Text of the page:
We may be atheists but we’re not missing out on anything that matters.

About Hemant Mehta

Hemant Mehta is the editor of Friendly Atheist, appears on the Atheist Voice channel on YouTube, and co-hosts the uniquely-named Friendly Atheist Podcast. You can read much more about him here.

  • C Peterson

    King sounds like a deist. Relatively harmless, outside of encouraging an irrational way of thinking (and I do see that as a “downside” to belief).

    But I wonder who that “you” is that he is talking about. I’m an atheist, and I don’t find myself missing out on sunrises or sunsets (although I prefer to be asleep for the former). And the stars? Well, I’m a professional astronomer, so I enjoy those on so many levels, from their sublime aesthetics to their profound window on the Universe. And all that without a god. In fact, tossing a god into the mix would rather ruin the beauty of it all, I think.

    • JET

      King sounds like he is trying to continue to sell books. “Let’s see… I’ll profess to some belief in God so that my books don’t get banned by churches. But I’ll make that belief so nebulous (deism) that the non-believers will continue buying them as well.” I’m not a fan of King’s novels, but I must admit he has a way with words.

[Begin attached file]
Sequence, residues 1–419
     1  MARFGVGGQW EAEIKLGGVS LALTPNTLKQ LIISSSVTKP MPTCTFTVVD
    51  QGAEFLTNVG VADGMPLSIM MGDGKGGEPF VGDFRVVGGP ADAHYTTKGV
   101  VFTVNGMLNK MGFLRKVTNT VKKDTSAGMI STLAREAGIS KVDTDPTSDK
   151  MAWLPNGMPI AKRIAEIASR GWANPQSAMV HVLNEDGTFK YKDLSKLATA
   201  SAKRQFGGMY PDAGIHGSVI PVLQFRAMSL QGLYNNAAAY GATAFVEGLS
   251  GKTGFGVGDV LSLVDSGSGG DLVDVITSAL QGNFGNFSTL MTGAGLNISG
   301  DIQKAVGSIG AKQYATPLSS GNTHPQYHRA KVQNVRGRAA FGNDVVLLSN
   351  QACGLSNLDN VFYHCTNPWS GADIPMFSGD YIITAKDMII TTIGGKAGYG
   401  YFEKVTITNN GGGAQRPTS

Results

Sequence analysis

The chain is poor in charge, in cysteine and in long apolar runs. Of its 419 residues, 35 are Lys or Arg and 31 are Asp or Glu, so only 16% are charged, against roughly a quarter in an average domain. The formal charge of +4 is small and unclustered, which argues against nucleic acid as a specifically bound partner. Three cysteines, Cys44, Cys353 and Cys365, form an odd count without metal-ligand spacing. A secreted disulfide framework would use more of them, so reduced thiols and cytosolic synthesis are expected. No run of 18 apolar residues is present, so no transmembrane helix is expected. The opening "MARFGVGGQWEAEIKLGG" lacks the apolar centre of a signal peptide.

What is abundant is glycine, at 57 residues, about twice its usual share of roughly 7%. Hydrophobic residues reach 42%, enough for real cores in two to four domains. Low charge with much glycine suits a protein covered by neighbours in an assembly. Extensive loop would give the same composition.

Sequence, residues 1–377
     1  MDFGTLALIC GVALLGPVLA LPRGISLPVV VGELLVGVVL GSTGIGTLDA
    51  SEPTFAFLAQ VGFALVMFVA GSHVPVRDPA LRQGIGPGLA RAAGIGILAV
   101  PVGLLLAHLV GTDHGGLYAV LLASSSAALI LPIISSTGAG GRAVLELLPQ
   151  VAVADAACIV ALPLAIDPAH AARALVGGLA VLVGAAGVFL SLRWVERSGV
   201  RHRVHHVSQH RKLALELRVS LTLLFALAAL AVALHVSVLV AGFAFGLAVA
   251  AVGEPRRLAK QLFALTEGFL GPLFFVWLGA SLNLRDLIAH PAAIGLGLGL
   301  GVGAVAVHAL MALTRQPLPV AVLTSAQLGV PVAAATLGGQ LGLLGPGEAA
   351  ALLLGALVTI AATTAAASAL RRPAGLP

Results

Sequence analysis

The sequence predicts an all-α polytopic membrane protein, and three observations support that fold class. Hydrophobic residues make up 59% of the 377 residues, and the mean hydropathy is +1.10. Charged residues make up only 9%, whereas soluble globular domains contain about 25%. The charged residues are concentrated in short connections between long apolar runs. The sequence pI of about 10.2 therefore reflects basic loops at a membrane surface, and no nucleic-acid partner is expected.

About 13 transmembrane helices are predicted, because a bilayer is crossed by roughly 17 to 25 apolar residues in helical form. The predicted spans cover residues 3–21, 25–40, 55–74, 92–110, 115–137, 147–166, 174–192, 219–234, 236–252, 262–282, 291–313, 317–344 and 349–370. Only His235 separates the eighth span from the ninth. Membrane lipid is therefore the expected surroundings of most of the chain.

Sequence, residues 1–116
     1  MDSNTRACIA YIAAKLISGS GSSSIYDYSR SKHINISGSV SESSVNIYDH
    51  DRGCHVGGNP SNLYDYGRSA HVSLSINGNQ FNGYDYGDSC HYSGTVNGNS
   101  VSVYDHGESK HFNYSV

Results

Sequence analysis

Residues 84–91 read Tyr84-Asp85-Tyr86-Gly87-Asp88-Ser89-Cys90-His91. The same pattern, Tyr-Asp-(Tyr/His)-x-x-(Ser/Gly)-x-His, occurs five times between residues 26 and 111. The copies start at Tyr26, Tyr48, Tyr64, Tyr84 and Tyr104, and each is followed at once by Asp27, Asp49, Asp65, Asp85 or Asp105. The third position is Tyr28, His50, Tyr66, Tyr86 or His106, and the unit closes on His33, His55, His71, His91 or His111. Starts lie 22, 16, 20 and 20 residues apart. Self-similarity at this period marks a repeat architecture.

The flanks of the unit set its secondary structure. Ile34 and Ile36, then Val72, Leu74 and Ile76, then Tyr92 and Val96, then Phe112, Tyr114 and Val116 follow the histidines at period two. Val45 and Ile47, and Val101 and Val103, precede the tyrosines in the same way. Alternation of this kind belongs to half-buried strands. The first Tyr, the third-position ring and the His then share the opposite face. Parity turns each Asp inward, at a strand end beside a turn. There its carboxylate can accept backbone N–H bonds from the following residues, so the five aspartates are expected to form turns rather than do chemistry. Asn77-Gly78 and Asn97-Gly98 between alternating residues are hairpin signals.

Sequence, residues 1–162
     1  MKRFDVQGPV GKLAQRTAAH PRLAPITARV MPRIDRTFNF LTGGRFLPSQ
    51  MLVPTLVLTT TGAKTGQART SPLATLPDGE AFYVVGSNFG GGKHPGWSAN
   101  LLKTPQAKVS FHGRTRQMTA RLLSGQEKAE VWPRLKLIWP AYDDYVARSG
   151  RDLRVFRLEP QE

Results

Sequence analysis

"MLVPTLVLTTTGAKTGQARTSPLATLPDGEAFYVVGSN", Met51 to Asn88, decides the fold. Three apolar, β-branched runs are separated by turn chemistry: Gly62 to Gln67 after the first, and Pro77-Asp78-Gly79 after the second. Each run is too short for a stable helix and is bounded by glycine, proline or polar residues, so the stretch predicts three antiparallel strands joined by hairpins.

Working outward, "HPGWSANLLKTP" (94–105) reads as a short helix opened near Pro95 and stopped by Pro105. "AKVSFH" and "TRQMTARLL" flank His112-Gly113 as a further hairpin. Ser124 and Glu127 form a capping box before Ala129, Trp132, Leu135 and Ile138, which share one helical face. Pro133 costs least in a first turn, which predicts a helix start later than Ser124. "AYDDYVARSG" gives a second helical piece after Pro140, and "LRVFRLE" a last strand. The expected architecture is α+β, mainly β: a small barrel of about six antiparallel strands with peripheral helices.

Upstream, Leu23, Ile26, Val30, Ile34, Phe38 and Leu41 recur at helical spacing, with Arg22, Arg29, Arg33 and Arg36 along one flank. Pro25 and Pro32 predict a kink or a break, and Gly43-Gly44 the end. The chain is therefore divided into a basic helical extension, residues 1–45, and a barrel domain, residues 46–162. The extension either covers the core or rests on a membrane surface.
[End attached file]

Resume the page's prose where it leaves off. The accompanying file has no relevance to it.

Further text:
• C Peterson

        I don’t think King worries about how his personal beliefs might impact book sales. It think he was honestly presenting his views, which are typical of many casual deists and theists who haven’t invested a lot of effort in actual reflection on their own beliefs.

        • C.L. Honeycutt

          Indeed. If he had started writing twenty or thirty years later he might be cautious. Now, though, he’s set. The dude got a $300,000 contract for that very thin novel Carrie. In the 1970s. He has nothing to fear.

      • chicago dyke